“The Fourth Industrial Revolution will mean different things to different people, but there's one undeniable truth: It will transform migrant workforces everywhere.”
Migration in the business world has evolved into a complex, global exchange of human power and intellect among nations with distinct cultures and workforce needs. This ongoing balancing of human capital with economic needs continues to impact the geopolitics of the world.
However, digital transformation and the Fourth Industrial Revolution are changing the role and value of migrant workforces in profound ways.
From Muscles to Motherboards
Machines and computers are increasingly able to perform jobs once held by low-skilled migrant workforces — with greater efficiency and lower costs, too. This worldwide development poses unprecedented challenges for migrant workers, nations and the global economy, as automation and tech continue to replace human labor in various industries, such as farming, automotives and manufacturing.
A potential surge in unemployed workers with diminished earning prospects has many countries worried about widespread economic strife and political chaos. What, exactly, will the world look like when automation in the Fourth Industrial Revolution replaces the livelihoods of the 258 million international migrants who make a living by traveling to destinations that offer unskilled unemployment?1
The Promise of the Unknown
Like previous industrial revolutions, the Fourth Industrial Revolution will mean different things to different people. Digital transformation has made it easy to access almost any information via the Internet, and it's given entire populations — especially migrant workers — new opportunities to receive an education and learn new skills, trades and professions. Countries once hindered by poverty and economic isolation are embracing these new opportunities. For example, India, which has a population of 1.3 billion, expects its digital transformation market to reach $710 billion by 2024.2
For migrant workers, upskilling and professional development is critical to job security. Many countries and governments have recognized the need to provide their citizens with the skills and knowledge needed to compete in the age of automation — and that starts with workers having access to these technologies to edify their value and marketability in a competitive world.
However, in countries like Argentina, Brazil and the U.S., people feel strongly that their fates are up to themselves instead of their governments and that they are individually responsible for handling the sweeping changes of digital transformation.3 For some, this means migrating to nations and economies that offer better prospects than their current circumstances.
A World of Evolving Needs
As witnessed throughout history, migrant workers are drawn to regions where suitable jobs are available. In a world defined by automation and computer technologies, a new era of needs has emerged.
In developed countries, such as Japan, South Korea, Spain, and the U.S., birth rates are declining at an extraordinary rate.4 Of particular concern in South Korea and Japan is societal aging, where the number of elderly people is increasing dramatically, while birth rates are declining — there's a lack of younger people who can care for the aging population and generate much-needed taxes through employment to fund retirement for older populations.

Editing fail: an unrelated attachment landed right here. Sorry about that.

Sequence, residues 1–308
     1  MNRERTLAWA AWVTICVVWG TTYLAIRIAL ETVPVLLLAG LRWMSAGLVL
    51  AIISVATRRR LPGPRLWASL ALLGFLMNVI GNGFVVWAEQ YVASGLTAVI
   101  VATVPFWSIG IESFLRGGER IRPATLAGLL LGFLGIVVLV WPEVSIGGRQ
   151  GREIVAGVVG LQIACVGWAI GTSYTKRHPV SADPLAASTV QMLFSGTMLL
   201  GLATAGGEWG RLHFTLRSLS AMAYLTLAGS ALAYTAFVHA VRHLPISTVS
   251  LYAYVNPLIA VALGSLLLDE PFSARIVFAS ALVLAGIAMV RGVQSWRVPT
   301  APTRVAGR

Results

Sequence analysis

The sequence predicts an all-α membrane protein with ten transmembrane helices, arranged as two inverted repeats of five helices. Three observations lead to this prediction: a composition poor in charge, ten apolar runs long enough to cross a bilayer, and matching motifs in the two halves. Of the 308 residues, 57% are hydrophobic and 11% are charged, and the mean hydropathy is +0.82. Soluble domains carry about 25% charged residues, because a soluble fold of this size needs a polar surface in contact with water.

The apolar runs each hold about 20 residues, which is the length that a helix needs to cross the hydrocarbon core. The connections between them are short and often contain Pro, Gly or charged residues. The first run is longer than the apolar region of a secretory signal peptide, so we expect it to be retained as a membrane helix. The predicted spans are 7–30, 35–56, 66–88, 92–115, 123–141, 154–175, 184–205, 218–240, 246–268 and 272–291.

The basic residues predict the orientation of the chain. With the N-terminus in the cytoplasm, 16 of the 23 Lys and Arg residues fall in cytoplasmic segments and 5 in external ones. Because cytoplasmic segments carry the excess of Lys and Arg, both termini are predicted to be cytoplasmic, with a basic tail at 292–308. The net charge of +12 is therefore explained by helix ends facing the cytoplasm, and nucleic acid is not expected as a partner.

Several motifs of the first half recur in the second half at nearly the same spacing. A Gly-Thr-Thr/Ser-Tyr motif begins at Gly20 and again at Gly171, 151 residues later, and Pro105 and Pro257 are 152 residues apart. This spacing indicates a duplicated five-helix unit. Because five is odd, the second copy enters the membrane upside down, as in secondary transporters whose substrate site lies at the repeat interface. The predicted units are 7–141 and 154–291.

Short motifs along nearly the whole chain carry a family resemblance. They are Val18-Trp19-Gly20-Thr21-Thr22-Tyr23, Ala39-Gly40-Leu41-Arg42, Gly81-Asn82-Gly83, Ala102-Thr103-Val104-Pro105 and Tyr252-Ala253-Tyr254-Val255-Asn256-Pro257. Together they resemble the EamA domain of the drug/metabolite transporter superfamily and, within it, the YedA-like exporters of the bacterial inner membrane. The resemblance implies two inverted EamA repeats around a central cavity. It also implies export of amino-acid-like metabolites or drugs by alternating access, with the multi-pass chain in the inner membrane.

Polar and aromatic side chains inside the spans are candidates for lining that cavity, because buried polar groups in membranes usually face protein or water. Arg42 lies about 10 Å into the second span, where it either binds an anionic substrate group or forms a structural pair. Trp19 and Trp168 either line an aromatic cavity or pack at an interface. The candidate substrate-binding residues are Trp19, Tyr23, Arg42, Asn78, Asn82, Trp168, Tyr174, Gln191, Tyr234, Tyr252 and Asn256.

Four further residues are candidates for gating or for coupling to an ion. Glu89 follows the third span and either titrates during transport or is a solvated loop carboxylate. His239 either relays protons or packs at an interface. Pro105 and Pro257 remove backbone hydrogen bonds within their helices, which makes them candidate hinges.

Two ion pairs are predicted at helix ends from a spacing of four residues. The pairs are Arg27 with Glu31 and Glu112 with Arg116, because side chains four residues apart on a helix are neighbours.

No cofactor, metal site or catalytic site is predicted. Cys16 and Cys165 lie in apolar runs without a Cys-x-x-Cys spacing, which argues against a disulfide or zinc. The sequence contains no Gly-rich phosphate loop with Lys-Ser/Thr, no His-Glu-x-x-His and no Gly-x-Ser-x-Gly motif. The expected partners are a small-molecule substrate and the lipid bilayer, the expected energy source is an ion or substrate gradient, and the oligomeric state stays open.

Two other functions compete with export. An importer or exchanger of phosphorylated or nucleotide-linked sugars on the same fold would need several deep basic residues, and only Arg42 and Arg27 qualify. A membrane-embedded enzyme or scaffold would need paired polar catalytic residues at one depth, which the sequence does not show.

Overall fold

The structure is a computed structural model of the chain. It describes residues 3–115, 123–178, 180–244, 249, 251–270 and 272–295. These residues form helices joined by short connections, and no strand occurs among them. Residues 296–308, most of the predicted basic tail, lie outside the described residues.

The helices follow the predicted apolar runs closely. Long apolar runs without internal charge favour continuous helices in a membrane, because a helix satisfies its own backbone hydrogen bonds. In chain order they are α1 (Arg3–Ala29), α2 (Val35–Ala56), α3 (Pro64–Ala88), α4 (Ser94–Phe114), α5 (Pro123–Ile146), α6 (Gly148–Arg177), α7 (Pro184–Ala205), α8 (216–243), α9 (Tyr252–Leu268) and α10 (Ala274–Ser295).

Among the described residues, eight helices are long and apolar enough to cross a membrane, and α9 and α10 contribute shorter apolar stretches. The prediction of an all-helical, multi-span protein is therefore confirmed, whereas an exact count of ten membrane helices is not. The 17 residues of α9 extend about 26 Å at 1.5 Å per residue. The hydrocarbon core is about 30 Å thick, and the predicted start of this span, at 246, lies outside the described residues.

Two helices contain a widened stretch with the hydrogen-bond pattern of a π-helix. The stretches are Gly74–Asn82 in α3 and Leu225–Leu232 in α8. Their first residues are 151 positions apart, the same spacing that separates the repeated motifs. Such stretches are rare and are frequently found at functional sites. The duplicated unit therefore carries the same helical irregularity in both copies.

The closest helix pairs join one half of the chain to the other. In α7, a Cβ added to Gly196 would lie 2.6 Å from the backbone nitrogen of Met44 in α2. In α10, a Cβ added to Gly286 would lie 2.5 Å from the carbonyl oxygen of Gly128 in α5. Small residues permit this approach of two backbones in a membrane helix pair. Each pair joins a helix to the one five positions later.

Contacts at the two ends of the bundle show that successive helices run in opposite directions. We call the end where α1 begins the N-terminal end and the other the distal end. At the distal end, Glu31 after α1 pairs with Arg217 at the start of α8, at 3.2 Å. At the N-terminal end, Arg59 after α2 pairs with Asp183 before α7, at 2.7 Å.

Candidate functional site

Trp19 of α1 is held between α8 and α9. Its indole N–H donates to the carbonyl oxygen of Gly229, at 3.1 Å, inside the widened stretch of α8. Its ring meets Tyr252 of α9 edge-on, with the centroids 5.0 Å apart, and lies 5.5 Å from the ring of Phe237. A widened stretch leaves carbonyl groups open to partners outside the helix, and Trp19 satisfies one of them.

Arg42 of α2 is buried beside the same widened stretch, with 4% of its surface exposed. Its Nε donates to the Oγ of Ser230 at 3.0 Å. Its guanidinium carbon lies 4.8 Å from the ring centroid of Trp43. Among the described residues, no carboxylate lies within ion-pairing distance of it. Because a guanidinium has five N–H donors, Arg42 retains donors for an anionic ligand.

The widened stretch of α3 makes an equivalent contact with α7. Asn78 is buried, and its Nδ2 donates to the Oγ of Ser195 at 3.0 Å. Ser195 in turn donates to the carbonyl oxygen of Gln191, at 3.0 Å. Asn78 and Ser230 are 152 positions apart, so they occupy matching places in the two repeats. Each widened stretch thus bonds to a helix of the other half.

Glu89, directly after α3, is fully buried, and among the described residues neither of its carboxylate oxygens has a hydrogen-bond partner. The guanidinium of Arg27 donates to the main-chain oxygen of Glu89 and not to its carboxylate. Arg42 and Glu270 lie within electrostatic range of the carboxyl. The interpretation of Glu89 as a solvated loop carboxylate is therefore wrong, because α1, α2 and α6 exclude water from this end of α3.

Japan and South Korea are employing robots and automation to tend to the psychological, emotional and physical needs of elderly citizens, but these technologies are unable to provide the financial resources and domestic services these nations need to continue operating. Japan's Prime Minister, Shinzo Abe, has introduced extensive reforms, often referred to "Abenomics," which proposes to loosen long-held cultural constraints by integrating more women into the workplace at every level of influence. However, the most controversial aspect of Abenomics is the intention to open Japan up to migrant workers to alleviate internal workforce deficiencies that require uniquely human capacities — a move which many Japanese citizens consider to be a threat to their cultural identity.5
But without younger workers to stabilize the economy, Japan might not have a choice. The Fourth Industrial Revolution is changing the game, and many countries will need migrant workers to fill the gaps between the evolving roles of man and machine.
For centuries, migrants have worked hard to fulfill their personal needs — which, in turn, also serves the needs of the employing countries that require their labor. In this modern economic landscape, automation and tech may force change upon job functions, but the need for human capital endures.
1. "International Migration Report," United Nations, 2017, https://www.un.org/en/development/desa/population/migration/publications/migrationreport/docs/MigrationReport2017_Highlights.pdf。/
2."India Digital Transformation Market to Reach $710 Billion by 2024: P&S Intelligence", Prescient & Strategic Intelligence, 5 de março de 2019. https://www.globenewswire.com/news-release/2019/03/05/1747720/0/en/India-Digital-Transformation-Market-to-Reach-710-Billion-by-2024-P-S-Intelligence.html。
3. Wike, Richard and Stokes, Bruce, "In Advanced and Emerging Economies Alike, Worries About Job Automation," Pew Research Center, September 13, 2018, https://www.pewglobal.org/2018/09/13/in-advanced-and-emerging-economies-alike-worries-about-job-automation/。
4. Kotecki, Peter, "10 Countries at Risk of Becoming Demographic Time Bombs," Business Insider, August 8, 2018, https://www.businessinsider.com/10-countries-at-risk-of-becoming-demographic-time-bombs-2018-8。
5. Yoshida, Reiji, "Success of 'Abenomics' hinges on immigration policy," https://www.japantimes.co.jp/news/2014/05/18/national/success-abenomics-hinges-immigration-policy/#.XJr1GK2ZOgR。